First Responses to the Correctio Filialis… a Laudatio from the German bishops!

Roberto de Mattei: ‘The Correctio filialis and the Laudatio of Pope Francis’

St Paul correcting St Peter – Guido Reni

After three weeks the first organized response to the Correctio filialis has appeared: a Laudatio published on the web, signed by a group of priests and intellectuals prevalently from the Austrian-German domain. (

Who are the signatories of the Laudatio? One of them, the German Monsignor Fritz Lobinger, Bishop emeritus of Aliwal (South Africa), is the “father” of the expression “community priesthood” which he explained in the book Team of Elders. Moving beyond Viri probati (2007), wherein he hopes for an introduction in the Church of two types of priests, diocesan priests and those of the community; the former full-time celibates and the latter, married with a family, at the disposition of the community where they live and work.

Another signatory, Father Paul Zulehner, a disciple of Karl Rahner, is known in turn for his fanciful “pastoral futurology” (Pastorale Futurologie, 1990). In 2011, he supported the “appeal to disobedience” launched by 329 Austrian priests, favouring married priests, priestly ordination for women, the right for Protestants and the divorced and remarried to receive Communion and for the laity to preach and lead parishes.

Matin Lintner, is a Servite religious from Bolzano, teacher at Bressanone and President of Insect (International Network of Societies for Catholic Theology). He is famous for his book The Rediscovery of Eros. The Church, Sexuality and Human Relations (2015), in which he is open to homosexuality, pre-matrimonial relations, and his enthusiastic response to Amoris Laetitia, which, in his opinion is “a point of no return” in the Church. In fact, “we can no longer say that today there is a categorical exclusion from receiving the Sacraments of the Eucharist and Reconciliation for those in a new union, who don’t abstain from sexual relations. Of this there is no doubt, on the basis of the text of A.L. itself” (, December 5th 2016).

It is clear at this point that the deep division running through the Church is not between the detractors and fans of Pope Francis. The breaking line runs between those who are faithful to the immutable Teaching of Popes and those who are complaining to Pope Bergoglio for pursuing the “dream” of a new church, different from the One founded by Our Lord Jesus Christ.

You don’t need to be a historian to understand that we are experiencing a completely new phase in the life of the Church. We are not at the end of the world, but with regard to our age, we can apply the words of Our Lord, when He spoke of His return at the end of time, saying with sadness: “But yet the Son of Man when He cometh, shall He find, think you, faith on earth?” (Luke 18, 8).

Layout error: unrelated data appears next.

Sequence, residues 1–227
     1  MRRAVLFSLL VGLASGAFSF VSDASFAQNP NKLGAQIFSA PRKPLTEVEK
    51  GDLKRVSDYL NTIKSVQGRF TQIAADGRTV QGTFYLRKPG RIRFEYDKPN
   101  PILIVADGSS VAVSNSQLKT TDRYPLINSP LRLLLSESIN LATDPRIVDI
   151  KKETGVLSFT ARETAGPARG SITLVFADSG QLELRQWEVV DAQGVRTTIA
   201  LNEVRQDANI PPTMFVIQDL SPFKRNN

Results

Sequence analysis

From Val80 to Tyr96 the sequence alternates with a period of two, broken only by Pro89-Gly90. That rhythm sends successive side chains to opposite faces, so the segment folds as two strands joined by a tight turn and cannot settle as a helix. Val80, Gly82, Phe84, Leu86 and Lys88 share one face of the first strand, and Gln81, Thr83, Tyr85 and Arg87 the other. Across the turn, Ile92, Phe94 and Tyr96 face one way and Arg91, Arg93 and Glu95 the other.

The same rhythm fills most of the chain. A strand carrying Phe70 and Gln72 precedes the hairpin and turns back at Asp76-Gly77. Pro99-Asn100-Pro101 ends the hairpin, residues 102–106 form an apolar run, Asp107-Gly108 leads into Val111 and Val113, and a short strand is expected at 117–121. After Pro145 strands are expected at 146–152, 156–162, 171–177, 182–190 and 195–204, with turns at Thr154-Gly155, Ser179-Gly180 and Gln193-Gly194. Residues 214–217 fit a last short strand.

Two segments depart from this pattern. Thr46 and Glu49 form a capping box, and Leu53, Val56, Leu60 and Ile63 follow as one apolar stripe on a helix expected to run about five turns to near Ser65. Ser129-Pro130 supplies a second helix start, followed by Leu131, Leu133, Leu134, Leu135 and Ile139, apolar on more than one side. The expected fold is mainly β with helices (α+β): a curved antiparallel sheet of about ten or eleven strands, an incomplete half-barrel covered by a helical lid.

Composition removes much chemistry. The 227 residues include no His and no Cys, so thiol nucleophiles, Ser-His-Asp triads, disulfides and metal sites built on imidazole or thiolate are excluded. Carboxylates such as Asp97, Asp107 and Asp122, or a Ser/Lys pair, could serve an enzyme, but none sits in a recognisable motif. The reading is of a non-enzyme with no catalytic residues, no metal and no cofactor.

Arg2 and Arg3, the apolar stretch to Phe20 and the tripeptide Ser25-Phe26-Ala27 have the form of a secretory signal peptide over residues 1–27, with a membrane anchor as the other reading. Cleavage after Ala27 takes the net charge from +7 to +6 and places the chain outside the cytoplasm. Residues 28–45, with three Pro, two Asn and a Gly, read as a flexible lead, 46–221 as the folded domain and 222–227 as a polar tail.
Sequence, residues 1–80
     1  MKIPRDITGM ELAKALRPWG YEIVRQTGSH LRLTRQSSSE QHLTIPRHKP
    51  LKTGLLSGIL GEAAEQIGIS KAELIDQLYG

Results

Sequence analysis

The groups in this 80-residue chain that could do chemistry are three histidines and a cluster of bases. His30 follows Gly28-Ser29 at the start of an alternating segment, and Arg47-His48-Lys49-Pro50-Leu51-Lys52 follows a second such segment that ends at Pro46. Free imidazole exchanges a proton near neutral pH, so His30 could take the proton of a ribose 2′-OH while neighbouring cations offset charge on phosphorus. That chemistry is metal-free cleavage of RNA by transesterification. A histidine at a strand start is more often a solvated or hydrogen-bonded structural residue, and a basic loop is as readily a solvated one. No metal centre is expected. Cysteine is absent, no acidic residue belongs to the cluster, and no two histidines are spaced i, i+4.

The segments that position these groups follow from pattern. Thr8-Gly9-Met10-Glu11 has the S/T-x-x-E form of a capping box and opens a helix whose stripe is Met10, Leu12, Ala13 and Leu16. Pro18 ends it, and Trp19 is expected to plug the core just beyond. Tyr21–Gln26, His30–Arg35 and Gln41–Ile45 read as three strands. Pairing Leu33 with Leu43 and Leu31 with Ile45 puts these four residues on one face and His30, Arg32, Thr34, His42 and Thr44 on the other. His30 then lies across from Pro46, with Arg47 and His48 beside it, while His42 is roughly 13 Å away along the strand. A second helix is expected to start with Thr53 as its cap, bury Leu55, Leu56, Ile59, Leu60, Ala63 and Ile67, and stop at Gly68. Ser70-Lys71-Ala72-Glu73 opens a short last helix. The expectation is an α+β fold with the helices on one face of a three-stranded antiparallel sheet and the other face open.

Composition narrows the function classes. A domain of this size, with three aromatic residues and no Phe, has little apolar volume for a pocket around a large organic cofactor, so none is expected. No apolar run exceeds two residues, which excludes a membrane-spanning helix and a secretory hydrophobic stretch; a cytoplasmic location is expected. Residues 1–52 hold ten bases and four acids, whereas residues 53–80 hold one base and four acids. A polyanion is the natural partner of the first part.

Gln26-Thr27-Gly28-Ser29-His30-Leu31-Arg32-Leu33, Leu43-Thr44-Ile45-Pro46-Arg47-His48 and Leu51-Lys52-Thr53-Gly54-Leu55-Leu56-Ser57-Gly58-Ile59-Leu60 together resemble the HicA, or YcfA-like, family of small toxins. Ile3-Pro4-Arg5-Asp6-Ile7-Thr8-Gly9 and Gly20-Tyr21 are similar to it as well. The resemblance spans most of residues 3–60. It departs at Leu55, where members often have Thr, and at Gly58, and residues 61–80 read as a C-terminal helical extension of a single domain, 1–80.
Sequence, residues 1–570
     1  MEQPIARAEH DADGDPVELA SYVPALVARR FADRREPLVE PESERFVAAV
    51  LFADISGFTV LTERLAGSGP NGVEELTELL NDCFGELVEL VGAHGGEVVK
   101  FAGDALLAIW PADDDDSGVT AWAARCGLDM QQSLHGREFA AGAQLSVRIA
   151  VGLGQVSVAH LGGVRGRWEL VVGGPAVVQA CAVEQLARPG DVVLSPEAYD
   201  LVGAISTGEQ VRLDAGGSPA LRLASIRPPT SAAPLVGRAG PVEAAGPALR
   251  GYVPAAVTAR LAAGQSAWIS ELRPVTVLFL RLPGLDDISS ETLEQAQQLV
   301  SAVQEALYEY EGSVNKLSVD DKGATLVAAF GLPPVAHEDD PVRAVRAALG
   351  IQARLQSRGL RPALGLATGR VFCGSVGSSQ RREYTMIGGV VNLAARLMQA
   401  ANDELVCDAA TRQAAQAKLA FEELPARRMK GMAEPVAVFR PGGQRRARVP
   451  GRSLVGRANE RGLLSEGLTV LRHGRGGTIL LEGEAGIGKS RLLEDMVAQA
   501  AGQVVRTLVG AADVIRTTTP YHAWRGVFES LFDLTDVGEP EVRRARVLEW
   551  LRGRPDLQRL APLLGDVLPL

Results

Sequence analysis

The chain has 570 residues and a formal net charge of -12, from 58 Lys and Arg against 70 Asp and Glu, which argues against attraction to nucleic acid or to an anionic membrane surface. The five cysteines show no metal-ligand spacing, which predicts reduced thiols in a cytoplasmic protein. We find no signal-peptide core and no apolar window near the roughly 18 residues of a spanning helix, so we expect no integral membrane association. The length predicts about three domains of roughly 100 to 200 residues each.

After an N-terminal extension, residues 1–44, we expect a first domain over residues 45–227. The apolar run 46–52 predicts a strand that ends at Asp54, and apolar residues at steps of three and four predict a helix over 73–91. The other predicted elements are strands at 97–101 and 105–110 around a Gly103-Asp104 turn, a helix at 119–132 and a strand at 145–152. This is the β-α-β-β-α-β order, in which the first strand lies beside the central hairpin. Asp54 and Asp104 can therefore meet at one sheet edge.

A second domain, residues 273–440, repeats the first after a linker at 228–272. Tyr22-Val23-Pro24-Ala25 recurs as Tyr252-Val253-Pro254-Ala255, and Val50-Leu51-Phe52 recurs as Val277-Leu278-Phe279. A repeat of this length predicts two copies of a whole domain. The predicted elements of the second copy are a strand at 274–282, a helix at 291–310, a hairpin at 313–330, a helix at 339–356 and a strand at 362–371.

The loss of faith, even on the part of men of the Church, is now quite evident. On January 27th 2012, addressing the Plenary Assembly of the Congregation for the Doctrine of the Faith, Pope Benedict XVI affirmed: “We are faced with a deep crisis of faith; a loss of the religious sense which constitutes the greatest challenge for the Church today. The renewal of the faith must therefore be the priority in the undertakings of the entire Church in our times.” This loss of faith, has today, the characteristics of a general apostasy.

Cardinal Robert Sarah, intervening at a meeting of the European Episcopal Conferences held in Trieste on November 4th 2013, affirmed that “even among the baptized and the disciples of Christ there is today a sort of “silent apostasy”; a rejection of God and the Christian Faith in politics, the economy, in the ethical and moral dimension and in post-modern Western culture.”

Cardinal Raymond Burke

Cardinal Raymond Burke, for his part, in a homily delivered on October 13th 2017 at Buckfast Abbey, recalled how the message of Fatima “deals with the diabolical forces let loose in our time upon the world, entering the very life of the Church, leading souls away from the truth of the Faith and, thus, from Divine love, which flows from the Glorious, Pierced Heart of Jesus.”

Souls are being lost because language is ambiguous and deceiving, and errors and heresies are being disseminated every day among the faithful. Pope Francis’ Pontificate represents the result and the peak of a process of the Church’s self-demolition which has remote origins but today has reached a dizzying speed.
The Correctio filialis of October 24th 2017 has been like a ray of light piercing the darkness of the night in which souls are immersed. The denunciation of the heresies sustained and propagated by Pope Francis has resounded from one end of the planet to the other, spreading through to the Media and becoming the dominant theme of private conversations among many Catholics. In these conversations few deny the truth of the facts denounced in the Correctio. Divergences regard rather, “ the what to do” faced with a situation which has no historical precedents.